For more than a decade, I’ve been blathering on and on about todies. For a time, if you googled “Most adorable bird in the universe,” the first page you got was from one of my blog posts about the Cuban Tody.
It really does live up to those words, but unless you’re an ornithologist or know enough Latin to recognize that todus means a small bird, you would likely have trouble looking up the word tody, because its homophone is in much more common use. I asked my iPhone what a tody is, and Siri said, “Tody means a person who behaves obsequiously to someone important.”
When I asked her how to spell tody, she responded, “T-O-A-D-Y.” Every time I write the word tody using Microsoft Word, I’m told I’m misspelling it, and given the suggestions toddy, today, tidy, and toady, spelled the way Siri spells it.
That would be all well and good if I wanted to write about sycophants, but Siri is clearly not a birder. Tody in my world is spelled T-O-D-Y, and refers to a bird family,Todidae,in the order that includes kingfishers and motmots.
This family includes just one genus, Todus,that includes five tiny species, all found only in the Greater Antilles, each endemic to one island. There is one tody each on the islands of Cuba, Puerto Rico, and Jamaica, and two on Hispaniola.
They all have bright green on the crown, back, and tail, a brilliant red throat, and a pale underside. But unlike hummingbirds, these feathers are soft, the colors rich and shiny but not iridescent.
Each of the five todies has a unique combination of pink, baby blue, and/or yellow on the flanks and under-tail—only the Cuban Tody features all three of those colors, so its scientific name is Todus multicolor.
The head is oversized, the tail very narrow and not very long, and the bill is flattened and rounded at the tip, the lower mandible red.
At 4.3 inches in length, the Cuban Tody is 10 percent shorter than our chickadees, but a lot of a chickadee’s length is in its tail, and a lot of a chickadee’s bulk is due to thick body feathers. The tody is all head and body, lives on Cuba where thick insulation is hardly necessary, and again, it’s related to kingfishers, so it’s muscular and rather heavy compared to the chickadee.
I’d never been to the Caribbean until this month, and so my only experiences with todies were reading about them and looking at photos and videos. The real thing was just as spectacular as the photos captured, and even more wonderful because it turns out the Cuban Tody is rather confiding. Our birding group of 13 didn’t faze the little birds at all.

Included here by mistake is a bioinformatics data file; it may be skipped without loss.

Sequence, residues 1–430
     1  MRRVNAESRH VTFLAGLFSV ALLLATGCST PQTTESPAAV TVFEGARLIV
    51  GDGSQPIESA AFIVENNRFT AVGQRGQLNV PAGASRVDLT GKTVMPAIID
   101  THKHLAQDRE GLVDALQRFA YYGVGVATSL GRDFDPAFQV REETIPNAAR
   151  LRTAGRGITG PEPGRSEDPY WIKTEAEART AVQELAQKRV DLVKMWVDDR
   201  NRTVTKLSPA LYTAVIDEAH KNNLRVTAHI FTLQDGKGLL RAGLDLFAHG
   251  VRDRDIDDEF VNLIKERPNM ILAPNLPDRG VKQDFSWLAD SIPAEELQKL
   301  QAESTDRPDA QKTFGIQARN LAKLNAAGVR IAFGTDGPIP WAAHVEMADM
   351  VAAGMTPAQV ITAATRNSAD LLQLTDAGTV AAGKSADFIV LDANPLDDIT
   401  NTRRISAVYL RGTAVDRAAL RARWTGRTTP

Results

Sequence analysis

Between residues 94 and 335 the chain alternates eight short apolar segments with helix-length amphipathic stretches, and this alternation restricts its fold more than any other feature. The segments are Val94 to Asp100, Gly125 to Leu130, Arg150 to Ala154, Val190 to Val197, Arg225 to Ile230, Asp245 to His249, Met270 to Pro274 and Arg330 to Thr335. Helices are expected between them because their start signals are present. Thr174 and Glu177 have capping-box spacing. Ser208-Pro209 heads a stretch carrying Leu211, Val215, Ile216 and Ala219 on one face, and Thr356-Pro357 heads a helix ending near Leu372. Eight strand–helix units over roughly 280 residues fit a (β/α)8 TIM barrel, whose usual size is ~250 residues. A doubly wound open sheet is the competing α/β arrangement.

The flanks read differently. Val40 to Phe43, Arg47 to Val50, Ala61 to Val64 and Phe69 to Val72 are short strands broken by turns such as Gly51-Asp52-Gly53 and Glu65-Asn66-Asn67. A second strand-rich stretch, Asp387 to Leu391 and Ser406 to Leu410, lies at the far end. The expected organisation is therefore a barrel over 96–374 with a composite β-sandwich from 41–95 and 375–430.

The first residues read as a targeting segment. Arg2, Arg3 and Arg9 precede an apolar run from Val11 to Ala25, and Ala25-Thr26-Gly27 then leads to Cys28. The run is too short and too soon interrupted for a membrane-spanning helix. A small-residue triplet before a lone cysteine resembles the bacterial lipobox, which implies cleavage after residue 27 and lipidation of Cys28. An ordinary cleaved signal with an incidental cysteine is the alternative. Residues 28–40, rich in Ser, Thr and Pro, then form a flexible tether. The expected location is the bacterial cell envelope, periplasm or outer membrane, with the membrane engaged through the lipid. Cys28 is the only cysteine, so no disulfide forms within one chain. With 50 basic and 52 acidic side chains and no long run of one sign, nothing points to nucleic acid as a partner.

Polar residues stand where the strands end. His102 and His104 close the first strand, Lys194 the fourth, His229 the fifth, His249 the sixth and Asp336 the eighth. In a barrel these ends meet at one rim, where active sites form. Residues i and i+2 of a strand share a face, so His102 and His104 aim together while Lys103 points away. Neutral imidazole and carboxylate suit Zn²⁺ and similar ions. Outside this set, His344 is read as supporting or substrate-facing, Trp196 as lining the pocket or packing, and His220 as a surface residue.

They’re busy little guys, sitting in one spot on a branch, usually just about eye level or even below, for several seconds up to a minute or so. Their feet may stay in the same spot, but even while sitting they’re rather animated, looking this way and that searching for insects. When I got one in focus in my camera, holding the shutter release down I’d capture several different poses within a single second. Todies don’t understand photography but they do understand hunger: feeding fairly constantly from morning until night.
Todies are not flycatchers, and seldom grab an insect in mid-air. According to the British Ornithologists’ Union’s wonderful A Dictionary of Birds, they capture insects and spiders from the undersides of leaves and twigs.
“They sit quietly but alertly on twigs or branches, constantly moving their heads and eyes with rapid and jerky movements, and occasionally flick their wings. Typically the bird perches with its bill pointing upwards (at angles up to 45 º), and scans the lower surfaces of leaves above it.
On spying an insect the tody flies up to the leaf, snaps its bill audibly, and continues in an unbroken arc to another perch.”
Todies excavate long, narrow burrows in banks, and road and trailside cuts, to produce their 2-3 eggs. Both parents incubate, but neither spends more than a quarter of its day incubating, and only in short bursts at a time, so it takes 3 weeks or more for the young to hatch.
Suddenly the parents make up for their inattentiveness by feeding the nestlings at the highest rates recorded for any bird: up to 140 feedings for each chick every day.
If a pair of todies loses their own chicks, they often help their neighbors raise theirs.
James Bond, the ornithologist whose name was appropriated by the birder Ian Fleming for his most famous creation, spent many years in the West Indies. After spending just a week on Cuba, I could appreciate exactly why. As wonderful as I expected the Cuban Tody to be, the anticipation was shadowed by the actual event.
Laura Erickson, 2014 recipient of the American Birding Association’s prestigious Roger Tory Peterson Award, has been a scientist, teacher, writer, wildlife rehabilitator, professional blogger, public speaker, photographer, American Robin and Whooping Crane Expert for the popular Journey North educational website, and Science Editor at the Cornell Lab of Ornithology. She’s written eight books about birds, including the best-selling Into the Nest: Intimate Views of the Courting, Parenting, and Family Lives of Familiar Birds (co-authored by photographer Marie Read); the National Outdoor Book Award winning Sharing the Wonder of Birds with Kids; 101 Ways to Help Birds; The Bird Watching Answer Book for the Cornell Lab of Ornithology; and the National Geographic Pocket Guide to Birds of North America. She’s currently a columnist and contributing editor for BirdWatching magazine, and is writing a field guide to the birds of Minnesota for the American Birding Association. Since 1986 she has been producing the long-running “For the Birds” radio program for many public radio stations; the program is podcast on iTunes. She lives in Duluth, Minnesota, with her husband, mother-in-law, licensed education Eastern Screech-Owl Archimedes, two indoor cats, and her little birding dog Pip.
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